2. Any available corporate income earned by the company.

When calculating self-employment income, courts typically examine the corporate revenue and subtract business-related expenses. This leaves the pre-tax income, or profit, of the company, which the party can access for the purposes of paying child support.

When reviewing financial statements and expenses, the courts will scrutinize the nature of those expenses, questioning:

  1. Are they business related?
  2. Are they of a personal nature or benefit to the owner?
  3. Are they reasonable?

The self-employed party bears the onus of proving what percentage of the expenses are business-related and what percentage are more personal in nature. Certain expenses, such as meals and entertainment, cell phone costs, vehicle expenses, or rent for a home office, are often considered to have a personal benefit. These would then be “added back” to the pre-tax income of the company, proportionate to the personal benefit derived from these expenses. Only reasonable, business-related expenses are not added back. The resulting amount serves as the party’s guideline income for calculating the amount of child support payable.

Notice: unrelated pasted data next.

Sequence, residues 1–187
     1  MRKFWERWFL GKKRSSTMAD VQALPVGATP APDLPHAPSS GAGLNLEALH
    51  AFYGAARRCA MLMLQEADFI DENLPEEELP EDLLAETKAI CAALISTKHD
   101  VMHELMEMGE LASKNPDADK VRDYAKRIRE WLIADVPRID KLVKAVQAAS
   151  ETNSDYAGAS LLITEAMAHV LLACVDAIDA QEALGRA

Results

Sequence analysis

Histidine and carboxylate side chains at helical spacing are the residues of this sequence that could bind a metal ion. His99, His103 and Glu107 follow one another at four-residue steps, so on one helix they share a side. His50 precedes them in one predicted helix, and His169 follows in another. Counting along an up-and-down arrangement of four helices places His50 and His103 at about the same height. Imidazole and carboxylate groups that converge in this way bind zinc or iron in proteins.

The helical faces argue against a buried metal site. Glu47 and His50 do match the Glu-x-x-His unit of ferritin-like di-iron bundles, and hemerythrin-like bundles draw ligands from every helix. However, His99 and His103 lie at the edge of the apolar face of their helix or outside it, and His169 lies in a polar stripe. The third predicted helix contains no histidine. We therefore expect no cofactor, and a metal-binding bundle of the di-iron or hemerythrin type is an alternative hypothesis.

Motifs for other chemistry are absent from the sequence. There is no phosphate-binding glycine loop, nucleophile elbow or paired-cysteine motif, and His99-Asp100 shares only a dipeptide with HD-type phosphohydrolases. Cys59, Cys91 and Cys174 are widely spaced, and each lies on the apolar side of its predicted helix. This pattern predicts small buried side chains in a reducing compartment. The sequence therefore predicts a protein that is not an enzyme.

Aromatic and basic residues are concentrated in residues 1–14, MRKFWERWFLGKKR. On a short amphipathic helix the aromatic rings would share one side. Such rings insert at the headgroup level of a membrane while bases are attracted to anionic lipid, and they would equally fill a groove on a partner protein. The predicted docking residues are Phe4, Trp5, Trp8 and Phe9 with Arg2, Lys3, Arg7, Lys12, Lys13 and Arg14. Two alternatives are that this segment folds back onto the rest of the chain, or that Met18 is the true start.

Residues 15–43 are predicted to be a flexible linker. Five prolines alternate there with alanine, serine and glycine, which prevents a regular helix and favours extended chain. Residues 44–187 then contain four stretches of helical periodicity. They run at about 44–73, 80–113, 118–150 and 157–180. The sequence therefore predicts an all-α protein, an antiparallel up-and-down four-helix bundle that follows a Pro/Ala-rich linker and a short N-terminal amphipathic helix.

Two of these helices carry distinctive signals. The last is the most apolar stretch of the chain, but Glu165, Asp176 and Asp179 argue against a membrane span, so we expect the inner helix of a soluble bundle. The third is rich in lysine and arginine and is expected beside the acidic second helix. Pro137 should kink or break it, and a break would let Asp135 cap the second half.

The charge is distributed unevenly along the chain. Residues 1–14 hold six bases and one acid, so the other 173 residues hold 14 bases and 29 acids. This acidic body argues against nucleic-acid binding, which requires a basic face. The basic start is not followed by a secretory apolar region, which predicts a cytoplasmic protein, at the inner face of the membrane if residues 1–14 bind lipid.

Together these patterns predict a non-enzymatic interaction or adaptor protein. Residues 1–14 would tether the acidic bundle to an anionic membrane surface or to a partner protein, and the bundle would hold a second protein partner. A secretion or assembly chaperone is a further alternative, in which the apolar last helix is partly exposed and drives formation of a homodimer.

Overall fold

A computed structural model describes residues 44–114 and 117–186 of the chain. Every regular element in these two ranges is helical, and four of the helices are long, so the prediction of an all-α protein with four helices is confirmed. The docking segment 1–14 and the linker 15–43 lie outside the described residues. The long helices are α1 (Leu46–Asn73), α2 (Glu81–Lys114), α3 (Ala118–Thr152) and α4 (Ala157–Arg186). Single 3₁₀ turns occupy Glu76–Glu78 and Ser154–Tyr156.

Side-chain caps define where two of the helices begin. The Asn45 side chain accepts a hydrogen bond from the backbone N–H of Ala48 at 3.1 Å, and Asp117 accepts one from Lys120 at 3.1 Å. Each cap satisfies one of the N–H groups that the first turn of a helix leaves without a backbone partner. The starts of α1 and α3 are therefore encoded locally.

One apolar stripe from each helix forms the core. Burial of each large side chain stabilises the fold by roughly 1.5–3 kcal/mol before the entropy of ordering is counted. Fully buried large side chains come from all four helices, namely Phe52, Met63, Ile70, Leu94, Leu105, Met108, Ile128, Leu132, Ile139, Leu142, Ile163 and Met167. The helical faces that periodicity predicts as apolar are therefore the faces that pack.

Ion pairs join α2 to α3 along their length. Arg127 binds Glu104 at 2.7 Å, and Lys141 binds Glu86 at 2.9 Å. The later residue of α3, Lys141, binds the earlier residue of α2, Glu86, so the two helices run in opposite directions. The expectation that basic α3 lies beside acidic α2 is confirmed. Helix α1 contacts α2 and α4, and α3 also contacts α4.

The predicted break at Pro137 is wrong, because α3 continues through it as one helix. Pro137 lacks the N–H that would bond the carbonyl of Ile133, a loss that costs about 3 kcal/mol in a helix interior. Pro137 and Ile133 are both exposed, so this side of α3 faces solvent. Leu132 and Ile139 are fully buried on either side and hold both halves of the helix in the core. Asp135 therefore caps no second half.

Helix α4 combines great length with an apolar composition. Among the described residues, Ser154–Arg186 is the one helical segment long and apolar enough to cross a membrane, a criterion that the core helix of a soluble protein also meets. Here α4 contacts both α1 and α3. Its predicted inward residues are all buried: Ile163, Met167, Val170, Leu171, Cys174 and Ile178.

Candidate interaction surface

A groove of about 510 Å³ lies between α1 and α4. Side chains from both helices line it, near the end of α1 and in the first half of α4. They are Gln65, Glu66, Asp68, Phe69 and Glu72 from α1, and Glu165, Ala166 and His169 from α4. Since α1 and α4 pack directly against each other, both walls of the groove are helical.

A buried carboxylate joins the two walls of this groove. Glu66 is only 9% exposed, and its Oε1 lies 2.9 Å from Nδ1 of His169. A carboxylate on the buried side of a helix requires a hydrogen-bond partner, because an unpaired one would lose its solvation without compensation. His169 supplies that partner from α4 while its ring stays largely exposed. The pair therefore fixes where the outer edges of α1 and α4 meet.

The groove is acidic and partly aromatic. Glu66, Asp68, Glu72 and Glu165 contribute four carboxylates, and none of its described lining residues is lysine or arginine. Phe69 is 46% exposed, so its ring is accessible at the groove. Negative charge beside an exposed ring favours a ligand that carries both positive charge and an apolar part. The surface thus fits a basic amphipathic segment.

Given the complexity of this analysis, it is generally advisable to retain an expert to complete a guideline income analysis. While lawyers can provide a preliminary calculation, experts can usually offer further insights and evidence to support a more accurate calculation of the party’s income. These reports not only aid in reaching a resolution, but also help a judge understand the calculations behind the self-employed party’s income. Any assistance a party in litigation can provide to help a judge understand their position is a worthwhile investment.

At Crossroads Law, we understand the complexities of calculating self-employed income for child support purposes. Our experienced team of family lawyers are well-versed in these types of calculations and can provide the necessary guidance and support. Whether you’re dealing with a complex corporate structure or high income, we strongly advise seeking legal advice, and possibly even a guideline income expert. We are committed to ensuring your rights and interests are protected. Don’t navigate this complex process alone—book a free 20-minute consultation today to explore your options and ensure your financial and legal rights are upheld.

The information contained in this blog is not legal advice and should not be construed as legal advice on any subject. The information provided in this blog is for informational purposes only.